Is the Peace Dividend such an outrageous idea?

cutcaster-photo-100618331-Its-raining-moneySwiss citizens will soon be voting in a referendum to decide if every adult citizen should be guaranteed a monthly income of $2800. Even children will get $615 each month for living expenses. It sounds like a lot but because Switzerland has such a high cost of living, it’s actually not enough to live on. So people won’t be quitting their jobs. But if it passes, it certainly will be a sizable and welcome supplement to the family budget.

This is an example of the “share the wealth” mentality that is central to our Peace Dividend proposal.

Of course, the Peace Dividend is a one-time stipend, rather than a recurring minimum income. And the Peace Dividend further differs from the Swiss proposal in it is really a refund of money that was taken from the American public under false pretenses and misappropriated.

At the same time, people in America seem to shrink in horror from the concept that the government, even as a widely accepted agent for enforcing principles of fairness and justice, might actually issue checks to its citizens. It’s a fear of “creeping socialism”, a symptom of nonsensical brainwashing. Strange that these same people aren’t horrified when the government writes checks to military contractors for equipment the country doesn’t need, to prosecute wars the country doesn’t need to fight, and to defend us from ourselves by creating a police surveillance state where our every phone call and email message is monitored and recorded.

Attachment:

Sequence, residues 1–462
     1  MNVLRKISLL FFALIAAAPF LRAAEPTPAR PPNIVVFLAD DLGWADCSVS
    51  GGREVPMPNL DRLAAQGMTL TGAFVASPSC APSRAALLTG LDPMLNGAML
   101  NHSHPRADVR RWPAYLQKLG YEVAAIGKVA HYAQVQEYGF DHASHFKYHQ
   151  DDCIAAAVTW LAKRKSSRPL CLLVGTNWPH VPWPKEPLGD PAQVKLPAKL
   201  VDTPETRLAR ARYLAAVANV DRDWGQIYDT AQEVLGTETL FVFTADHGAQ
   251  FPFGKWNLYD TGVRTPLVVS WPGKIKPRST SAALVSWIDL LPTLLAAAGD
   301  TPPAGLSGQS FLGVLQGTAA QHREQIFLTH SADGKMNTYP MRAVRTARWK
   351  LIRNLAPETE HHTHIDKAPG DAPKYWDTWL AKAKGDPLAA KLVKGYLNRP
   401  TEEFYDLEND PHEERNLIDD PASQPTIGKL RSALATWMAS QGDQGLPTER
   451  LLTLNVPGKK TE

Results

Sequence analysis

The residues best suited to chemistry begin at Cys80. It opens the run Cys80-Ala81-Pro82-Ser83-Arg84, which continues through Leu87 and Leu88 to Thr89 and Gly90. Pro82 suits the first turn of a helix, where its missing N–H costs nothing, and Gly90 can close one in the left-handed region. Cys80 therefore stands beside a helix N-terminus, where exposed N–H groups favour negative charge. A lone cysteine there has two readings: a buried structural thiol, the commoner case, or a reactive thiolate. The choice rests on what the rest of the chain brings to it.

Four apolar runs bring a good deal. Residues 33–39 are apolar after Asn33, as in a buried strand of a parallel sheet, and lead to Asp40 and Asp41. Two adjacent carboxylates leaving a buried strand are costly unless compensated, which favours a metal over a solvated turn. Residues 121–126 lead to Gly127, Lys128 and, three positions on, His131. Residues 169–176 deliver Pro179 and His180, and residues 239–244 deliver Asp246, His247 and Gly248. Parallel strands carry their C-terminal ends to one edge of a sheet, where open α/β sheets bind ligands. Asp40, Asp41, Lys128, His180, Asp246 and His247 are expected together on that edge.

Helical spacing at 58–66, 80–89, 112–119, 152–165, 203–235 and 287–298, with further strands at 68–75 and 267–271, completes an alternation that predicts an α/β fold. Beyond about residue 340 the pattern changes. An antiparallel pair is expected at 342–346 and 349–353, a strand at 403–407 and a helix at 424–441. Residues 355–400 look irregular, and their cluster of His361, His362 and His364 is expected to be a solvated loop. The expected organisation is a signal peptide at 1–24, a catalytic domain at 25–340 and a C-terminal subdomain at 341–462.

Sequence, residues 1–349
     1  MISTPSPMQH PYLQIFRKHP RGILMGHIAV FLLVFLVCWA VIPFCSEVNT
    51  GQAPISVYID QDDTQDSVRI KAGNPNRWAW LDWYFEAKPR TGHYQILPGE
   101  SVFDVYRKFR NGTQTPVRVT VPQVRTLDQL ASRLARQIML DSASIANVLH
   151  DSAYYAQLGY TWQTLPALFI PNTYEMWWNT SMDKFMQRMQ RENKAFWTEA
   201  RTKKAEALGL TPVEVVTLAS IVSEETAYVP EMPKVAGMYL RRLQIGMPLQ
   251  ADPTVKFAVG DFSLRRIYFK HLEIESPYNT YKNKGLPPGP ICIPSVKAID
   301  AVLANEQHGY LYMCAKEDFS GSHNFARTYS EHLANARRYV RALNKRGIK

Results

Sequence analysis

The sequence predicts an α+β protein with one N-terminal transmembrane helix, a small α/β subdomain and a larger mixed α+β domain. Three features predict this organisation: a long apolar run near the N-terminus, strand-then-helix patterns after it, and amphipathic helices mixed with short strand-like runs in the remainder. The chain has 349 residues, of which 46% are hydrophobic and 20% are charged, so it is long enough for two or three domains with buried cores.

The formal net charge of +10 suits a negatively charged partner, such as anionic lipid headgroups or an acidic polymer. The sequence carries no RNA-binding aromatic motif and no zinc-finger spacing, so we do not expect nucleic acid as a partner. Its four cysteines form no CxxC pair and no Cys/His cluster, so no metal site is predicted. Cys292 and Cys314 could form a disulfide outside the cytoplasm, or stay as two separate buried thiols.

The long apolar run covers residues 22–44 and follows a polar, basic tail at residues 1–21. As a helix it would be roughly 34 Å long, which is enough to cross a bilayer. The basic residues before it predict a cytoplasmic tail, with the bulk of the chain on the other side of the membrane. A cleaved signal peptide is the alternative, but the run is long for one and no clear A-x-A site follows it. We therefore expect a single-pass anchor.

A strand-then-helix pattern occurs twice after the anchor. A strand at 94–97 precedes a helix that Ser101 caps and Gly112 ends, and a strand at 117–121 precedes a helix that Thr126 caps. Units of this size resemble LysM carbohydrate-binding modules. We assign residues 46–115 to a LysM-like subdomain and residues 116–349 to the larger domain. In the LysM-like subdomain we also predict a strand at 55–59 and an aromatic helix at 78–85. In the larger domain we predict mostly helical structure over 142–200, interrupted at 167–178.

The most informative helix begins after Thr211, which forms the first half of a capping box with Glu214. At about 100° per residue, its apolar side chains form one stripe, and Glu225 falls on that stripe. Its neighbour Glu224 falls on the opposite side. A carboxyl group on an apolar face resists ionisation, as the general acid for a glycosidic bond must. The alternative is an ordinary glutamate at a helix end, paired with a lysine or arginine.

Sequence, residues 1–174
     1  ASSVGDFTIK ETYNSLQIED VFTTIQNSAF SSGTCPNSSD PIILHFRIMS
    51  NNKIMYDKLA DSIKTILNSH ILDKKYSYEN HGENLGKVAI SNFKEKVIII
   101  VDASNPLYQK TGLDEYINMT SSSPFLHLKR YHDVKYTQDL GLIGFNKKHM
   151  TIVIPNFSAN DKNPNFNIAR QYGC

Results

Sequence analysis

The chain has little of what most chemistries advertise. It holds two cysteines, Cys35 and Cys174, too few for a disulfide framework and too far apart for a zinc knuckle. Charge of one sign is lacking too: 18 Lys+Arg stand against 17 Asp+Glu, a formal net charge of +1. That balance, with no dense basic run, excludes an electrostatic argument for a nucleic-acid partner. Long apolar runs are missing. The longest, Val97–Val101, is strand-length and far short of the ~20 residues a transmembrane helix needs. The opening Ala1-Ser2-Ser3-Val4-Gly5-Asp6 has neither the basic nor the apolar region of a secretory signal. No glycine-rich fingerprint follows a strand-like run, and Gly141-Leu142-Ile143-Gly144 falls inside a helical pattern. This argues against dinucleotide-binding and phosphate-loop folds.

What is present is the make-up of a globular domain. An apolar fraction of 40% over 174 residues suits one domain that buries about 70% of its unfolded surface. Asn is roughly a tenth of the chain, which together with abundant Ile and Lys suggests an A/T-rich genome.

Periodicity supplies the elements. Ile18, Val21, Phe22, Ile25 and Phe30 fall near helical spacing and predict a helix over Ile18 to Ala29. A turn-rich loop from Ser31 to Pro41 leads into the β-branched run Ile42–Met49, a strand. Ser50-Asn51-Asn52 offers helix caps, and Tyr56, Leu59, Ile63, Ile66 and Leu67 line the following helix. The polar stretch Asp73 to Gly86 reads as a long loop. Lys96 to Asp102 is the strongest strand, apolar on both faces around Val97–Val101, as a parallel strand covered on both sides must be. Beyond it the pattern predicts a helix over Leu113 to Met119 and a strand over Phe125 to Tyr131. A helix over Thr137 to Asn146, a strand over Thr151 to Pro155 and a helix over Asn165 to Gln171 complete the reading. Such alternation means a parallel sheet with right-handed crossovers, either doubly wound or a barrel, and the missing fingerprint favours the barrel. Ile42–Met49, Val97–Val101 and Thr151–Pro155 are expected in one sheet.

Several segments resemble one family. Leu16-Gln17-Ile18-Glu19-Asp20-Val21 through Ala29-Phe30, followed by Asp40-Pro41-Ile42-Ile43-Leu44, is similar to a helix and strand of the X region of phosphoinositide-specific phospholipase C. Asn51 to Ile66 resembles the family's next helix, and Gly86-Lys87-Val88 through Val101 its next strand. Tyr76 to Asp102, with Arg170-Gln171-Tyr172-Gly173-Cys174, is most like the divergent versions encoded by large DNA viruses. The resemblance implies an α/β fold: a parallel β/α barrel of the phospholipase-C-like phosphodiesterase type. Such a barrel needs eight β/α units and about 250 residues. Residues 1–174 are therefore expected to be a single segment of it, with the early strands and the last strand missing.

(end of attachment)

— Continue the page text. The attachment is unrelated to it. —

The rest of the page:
The simple truth is, allocation of resources and distribution of wealth are historically among a government’s most basic functions — whether it was a King in the 16th Century making land available to peasant farmers, or it is the Bureau of Land Management today permitting grazing or drilling rights. We also can’t help but notice the misguided application of this responsibility, as with the huge, often unwarranted subsidies given by our government to the fossil fuel and pharmaceutical companies.

On a more positive note, in Norway the earnings from the country’s vast oil production industry is put in a public trust. That money is held in reserve for all citizens to benefit from. Based on the enormous size of that trust and the relative small population, in Norway a newborn child comes into the world a millionaire. The trust pays for everything from education to health care for Norwegian citizens.

America is the richest country in the world. Maybe it’s not yet ready psychologically for a guaranteed minimum income, as is being entertained by Switzerland. But surely we can at least feel comfortable about each of us getting the $18,064 essentially stolen from taxpayers since 1992 and run through the military-industrial complex money shredder.


  1. Good idea yet it seems unrealistic given the anti-socialism hysteria of USAmericans. Even Swiss voted 77% against the idea of a basic income for all. You need to take that part of your argument out since it lost severely.

    • Jean Marie Magrite

      Good point. I was actually quite surprised by the results of that referendum. But should anything come as a surprise these days?

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